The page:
If you go to places like Berlin, Paris, or London, it’s just like any other American city in my opinion. So you won’t grow much, if at all.

    2. Hey Eric!

      I am very glad that you are considering traveling for the first tie, it is the best thing money can buy 🙂 I lived in Europe until the age of 10 and go back regularly with a 4 month long stint in Eastern Europe coming up this year 🙂 🙂

      The best location depends on what you are looking to get out of traveling. I totally agree with Brian that you should go somewhere that is different than what you are familiar with, that is how you will grow the most and that’s what traveling is all about 🙂 Personally I would suggest Spain and Czech republic along with the suggestions that Brian made because they are cheap (beer is less than a $1 in Prague) and offer amazing sightseeing opportunities. I would suggest checking out Europe first because everything there is super close together and with one trip of 2-3 weeks you can see a whole bunch of places.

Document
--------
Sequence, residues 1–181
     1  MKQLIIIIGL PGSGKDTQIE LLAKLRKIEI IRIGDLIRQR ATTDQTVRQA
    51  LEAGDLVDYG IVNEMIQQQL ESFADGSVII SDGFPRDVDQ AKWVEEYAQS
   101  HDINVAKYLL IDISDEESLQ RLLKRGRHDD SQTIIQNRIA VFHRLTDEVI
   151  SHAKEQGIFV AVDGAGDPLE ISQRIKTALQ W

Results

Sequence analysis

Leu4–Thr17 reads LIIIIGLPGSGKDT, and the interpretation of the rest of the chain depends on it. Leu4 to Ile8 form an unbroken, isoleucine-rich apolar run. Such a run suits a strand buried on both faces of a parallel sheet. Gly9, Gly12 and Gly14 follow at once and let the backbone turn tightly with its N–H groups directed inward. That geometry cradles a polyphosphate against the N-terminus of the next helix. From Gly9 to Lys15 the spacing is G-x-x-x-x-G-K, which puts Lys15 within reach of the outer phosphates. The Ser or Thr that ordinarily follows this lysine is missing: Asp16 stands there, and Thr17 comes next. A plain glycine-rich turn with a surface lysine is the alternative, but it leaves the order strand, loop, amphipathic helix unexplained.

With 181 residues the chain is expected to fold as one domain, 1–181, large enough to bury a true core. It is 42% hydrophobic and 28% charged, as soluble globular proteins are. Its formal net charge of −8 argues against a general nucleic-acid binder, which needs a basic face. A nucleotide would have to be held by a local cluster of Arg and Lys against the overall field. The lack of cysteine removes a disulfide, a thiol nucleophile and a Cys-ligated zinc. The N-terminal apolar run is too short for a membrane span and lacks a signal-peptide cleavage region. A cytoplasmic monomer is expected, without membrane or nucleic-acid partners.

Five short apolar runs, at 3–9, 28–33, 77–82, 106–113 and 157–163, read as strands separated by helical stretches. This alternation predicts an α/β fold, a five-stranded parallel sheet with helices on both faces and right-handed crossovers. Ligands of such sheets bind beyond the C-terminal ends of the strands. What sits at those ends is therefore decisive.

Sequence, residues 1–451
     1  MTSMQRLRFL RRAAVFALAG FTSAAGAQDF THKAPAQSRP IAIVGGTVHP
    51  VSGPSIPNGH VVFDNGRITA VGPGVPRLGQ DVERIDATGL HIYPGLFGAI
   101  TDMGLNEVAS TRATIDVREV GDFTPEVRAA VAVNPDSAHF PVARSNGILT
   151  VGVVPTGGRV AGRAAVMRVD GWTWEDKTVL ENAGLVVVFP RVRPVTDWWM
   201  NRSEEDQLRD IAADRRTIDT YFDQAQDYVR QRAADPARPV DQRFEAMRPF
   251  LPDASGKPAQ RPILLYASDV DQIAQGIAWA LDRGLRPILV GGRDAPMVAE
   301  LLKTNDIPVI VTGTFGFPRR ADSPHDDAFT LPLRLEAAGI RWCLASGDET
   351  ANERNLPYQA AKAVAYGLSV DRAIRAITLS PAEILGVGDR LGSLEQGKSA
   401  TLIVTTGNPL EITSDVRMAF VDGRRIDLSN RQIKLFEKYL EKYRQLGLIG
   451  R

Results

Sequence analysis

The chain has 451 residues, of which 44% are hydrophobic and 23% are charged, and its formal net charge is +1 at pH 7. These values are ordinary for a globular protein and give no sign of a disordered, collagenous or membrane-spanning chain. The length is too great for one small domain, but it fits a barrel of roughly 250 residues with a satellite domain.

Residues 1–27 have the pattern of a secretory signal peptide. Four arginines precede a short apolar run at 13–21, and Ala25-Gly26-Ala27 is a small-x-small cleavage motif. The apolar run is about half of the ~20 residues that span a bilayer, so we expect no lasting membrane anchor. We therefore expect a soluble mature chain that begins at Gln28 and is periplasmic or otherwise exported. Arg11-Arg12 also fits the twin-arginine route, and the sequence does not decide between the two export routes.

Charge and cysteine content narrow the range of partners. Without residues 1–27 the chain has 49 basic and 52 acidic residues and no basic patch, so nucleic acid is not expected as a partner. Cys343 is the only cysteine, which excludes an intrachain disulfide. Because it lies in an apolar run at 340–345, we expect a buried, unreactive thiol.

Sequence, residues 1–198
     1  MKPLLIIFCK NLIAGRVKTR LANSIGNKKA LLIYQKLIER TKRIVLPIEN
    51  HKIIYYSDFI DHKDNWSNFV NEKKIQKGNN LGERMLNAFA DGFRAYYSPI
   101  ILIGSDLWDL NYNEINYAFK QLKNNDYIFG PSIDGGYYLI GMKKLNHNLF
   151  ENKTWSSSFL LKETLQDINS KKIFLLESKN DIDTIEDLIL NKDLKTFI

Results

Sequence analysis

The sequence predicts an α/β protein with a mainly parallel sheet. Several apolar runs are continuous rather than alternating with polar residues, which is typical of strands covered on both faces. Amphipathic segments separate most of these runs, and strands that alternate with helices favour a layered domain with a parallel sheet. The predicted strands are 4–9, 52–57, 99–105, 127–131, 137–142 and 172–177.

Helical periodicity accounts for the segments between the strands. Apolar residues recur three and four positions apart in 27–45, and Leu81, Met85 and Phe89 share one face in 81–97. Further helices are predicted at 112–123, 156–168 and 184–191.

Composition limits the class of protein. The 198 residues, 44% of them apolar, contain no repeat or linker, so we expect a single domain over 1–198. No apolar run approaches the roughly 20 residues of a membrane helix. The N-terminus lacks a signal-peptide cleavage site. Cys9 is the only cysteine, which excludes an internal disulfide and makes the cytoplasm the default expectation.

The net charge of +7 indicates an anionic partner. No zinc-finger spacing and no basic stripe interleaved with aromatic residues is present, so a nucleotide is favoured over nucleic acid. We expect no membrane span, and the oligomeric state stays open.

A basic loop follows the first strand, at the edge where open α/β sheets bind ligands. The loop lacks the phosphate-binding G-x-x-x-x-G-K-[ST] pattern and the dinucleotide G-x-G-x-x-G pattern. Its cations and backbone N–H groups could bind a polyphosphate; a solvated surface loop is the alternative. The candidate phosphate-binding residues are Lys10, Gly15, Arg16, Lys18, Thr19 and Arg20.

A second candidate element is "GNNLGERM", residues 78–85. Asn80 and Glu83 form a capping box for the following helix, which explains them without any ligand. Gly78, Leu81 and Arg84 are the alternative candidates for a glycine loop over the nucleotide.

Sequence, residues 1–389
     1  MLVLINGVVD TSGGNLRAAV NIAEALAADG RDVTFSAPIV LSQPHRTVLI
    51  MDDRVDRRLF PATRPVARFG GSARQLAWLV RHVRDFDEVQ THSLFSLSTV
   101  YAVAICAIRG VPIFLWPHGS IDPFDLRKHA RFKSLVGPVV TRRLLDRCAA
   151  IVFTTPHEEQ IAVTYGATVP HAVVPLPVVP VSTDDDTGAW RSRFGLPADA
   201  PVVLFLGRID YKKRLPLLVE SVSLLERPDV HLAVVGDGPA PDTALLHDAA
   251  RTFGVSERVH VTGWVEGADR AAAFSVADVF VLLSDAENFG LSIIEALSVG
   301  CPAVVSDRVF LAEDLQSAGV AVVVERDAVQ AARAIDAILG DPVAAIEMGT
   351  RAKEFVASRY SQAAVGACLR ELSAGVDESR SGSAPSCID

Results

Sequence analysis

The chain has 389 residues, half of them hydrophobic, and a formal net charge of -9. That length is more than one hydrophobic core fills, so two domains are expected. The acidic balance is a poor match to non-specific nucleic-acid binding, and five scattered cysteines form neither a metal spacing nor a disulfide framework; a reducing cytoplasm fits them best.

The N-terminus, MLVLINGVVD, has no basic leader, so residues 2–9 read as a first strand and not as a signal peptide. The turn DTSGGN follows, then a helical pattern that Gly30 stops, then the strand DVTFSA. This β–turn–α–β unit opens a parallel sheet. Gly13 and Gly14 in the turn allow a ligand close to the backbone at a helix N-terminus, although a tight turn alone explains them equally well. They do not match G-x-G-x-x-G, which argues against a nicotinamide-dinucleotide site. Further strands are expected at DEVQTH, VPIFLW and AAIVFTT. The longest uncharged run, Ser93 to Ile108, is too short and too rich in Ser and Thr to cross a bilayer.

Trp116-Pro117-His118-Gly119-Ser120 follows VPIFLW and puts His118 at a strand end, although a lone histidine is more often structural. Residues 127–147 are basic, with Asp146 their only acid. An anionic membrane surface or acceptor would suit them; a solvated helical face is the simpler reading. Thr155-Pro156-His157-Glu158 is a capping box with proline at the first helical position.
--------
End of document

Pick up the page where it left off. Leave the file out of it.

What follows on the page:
Safe travels and if you need any other tips feel free to contact me, always love talking travel with people 🙂

      Cheers!

      1. Mitko is far more well-traveled compared to me, so I’m glad he introduced himself.

        Here’s his contact form if you have specific questions: http://www.mitkokarshovski.com/hi/

      2. Mitko, have you been to Prague? I’m going there this summer for study abroad. Do you have any tips or recommendations on what I should do?

        1. Hey Mark, I went to Prague for the first time last summer. It is an amazing place and has gone down as one of my favorite cities.